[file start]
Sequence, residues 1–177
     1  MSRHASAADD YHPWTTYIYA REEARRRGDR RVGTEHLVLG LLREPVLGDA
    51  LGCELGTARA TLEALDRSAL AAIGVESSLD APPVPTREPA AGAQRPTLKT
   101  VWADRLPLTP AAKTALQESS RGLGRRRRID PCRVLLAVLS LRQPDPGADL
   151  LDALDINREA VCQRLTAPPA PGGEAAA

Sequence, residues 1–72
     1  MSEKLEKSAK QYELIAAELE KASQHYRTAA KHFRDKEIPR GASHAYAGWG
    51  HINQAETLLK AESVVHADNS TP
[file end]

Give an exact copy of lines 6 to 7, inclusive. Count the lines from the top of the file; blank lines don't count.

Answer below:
Sequence, residues 1–72
     1  MSEKLEKSAK QYELIAAELE KASQHYRTAA KHFRDKEIPR GASHAYAGWG